Mama Cass Elliot – Dream a Little Dream

What a voice.What soul, and longing, and sensuality. Some of the tunes on the 60s cult heroine’s torchy 1968 debut release, like Burn Your Hatred and Rubber Band, are a little dated, but those vocals are timeless. And it’s too bad she isn’t with us anymore (the story about choking on a sandwich is cruelly untrue – it was bad dope that did her in). As you would expect from the hippie milieu she inhabited at that point, a lot of usual suspects stepped up to help out. Steven Stills’ guitar spices up the surprisingly plaintive Talking To Your Toothbrush; the Band’s Richard Manuel contributes Blues for Breakfast; John Sebastian throws in the pensive chamber-pop Room Nobody Lives In; and Leonard Cohen – who knows something about sexy allure – gives her You Know Who I Am (and she reciprocates mightily). There’s also the heavily reworked title track, a Bessie Smith hit forty years previously; California Earthquake, a psychedelic pop period piece that still resonates;  the big ballads What Was I Thinking Of and Long Time Loving You; the blue-eyed soul of Sweet Believer, and the jokey but actually very spot-on Jane the Insane Dog Lady. Here’s a random torrent via Jensen Brazil.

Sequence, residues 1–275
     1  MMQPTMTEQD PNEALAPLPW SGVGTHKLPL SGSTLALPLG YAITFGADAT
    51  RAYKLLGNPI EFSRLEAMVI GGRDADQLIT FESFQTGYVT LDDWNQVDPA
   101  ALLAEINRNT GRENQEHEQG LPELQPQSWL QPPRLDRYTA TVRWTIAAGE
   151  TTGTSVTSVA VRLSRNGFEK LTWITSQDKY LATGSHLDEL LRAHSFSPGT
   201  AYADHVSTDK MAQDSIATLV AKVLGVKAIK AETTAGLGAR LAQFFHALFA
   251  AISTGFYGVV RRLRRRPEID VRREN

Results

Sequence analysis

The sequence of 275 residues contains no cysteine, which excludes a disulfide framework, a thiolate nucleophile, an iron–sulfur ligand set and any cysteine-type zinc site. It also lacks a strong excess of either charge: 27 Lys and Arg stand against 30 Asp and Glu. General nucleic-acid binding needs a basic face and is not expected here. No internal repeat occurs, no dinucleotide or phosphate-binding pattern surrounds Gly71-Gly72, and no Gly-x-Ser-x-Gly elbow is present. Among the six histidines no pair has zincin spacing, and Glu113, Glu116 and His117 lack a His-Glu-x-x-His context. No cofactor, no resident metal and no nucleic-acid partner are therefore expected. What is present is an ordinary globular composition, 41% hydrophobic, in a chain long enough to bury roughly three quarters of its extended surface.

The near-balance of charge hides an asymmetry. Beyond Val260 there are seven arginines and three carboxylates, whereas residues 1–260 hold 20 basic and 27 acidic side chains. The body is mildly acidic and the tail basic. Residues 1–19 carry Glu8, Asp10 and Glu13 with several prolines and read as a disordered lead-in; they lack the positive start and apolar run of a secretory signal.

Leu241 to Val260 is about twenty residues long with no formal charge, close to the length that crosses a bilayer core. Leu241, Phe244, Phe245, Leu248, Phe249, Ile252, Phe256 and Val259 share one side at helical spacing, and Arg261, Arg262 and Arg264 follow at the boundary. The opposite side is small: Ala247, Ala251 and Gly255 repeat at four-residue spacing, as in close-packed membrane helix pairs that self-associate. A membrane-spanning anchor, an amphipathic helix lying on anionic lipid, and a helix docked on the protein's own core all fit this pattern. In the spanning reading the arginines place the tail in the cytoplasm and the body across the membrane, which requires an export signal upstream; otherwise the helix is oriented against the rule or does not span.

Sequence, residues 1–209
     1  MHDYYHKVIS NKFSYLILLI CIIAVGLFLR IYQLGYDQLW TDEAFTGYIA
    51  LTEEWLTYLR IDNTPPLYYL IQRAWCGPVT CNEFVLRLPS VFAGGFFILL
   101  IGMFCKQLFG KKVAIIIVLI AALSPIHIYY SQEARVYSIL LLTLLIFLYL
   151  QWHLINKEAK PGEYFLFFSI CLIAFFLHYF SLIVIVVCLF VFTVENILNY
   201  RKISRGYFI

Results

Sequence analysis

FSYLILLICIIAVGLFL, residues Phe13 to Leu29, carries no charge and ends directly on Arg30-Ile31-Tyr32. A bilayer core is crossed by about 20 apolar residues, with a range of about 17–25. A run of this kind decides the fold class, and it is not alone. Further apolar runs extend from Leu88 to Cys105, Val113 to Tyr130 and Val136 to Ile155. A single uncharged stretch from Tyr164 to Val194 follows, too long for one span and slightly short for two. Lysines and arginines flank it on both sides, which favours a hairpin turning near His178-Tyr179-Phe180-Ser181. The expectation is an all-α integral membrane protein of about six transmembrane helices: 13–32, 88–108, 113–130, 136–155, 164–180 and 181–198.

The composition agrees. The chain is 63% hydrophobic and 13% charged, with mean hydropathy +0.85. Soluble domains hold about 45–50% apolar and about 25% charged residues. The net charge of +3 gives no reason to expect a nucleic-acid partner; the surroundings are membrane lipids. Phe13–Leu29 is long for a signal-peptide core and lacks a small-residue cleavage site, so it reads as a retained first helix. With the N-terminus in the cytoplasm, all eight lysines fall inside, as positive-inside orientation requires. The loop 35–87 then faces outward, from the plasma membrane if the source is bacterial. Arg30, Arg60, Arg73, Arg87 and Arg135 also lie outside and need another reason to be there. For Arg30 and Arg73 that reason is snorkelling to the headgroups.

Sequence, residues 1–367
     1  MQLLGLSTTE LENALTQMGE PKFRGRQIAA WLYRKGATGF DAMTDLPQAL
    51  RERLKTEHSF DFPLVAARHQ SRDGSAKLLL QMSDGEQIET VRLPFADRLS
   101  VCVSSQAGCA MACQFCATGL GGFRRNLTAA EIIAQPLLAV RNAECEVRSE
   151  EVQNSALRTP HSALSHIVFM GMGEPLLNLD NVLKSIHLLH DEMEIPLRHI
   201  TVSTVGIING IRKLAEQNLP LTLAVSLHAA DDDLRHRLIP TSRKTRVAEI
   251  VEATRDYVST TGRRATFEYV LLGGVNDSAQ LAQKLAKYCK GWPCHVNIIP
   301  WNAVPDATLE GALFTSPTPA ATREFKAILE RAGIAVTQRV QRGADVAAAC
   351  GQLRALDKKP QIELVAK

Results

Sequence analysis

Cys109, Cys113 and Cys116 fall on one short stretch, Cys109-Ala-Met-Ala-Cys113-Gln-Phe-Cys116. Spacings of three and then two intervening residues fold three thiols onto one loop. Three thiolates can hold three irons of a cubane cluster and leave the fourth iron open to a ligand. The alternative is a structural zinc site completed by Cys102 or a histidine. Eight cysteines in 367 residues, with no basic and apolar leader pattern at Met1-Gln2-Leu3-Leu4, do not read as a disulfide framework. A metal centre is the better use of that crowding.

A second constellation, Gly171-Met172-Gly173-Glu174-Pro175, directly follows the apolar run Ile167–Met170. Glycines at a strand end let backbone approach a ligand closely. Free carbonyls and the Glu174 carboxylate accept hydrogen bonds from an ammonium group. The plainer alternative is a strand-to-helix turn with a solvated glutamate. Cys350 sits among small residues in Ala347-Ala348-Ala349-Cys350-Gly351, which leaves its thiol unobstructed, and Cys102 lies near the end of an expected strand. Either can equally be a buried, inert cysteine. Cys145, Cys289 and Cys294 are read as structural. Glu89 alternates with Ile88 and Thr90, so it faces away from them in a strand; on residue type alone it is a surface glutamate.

August 11, 2011 Posted by | lists, Music, music, concert, rock music | , , , , , , , , , , , , , , , , , , , , , , , , , , , , , , , , , , , , , , , , , , | Leave a comment

Album of the Day 7/20/11

Every day, our 1000 best albums of all time countdown continues all the way to #1. Wednesday’s album is #559:

Jethro Tull – A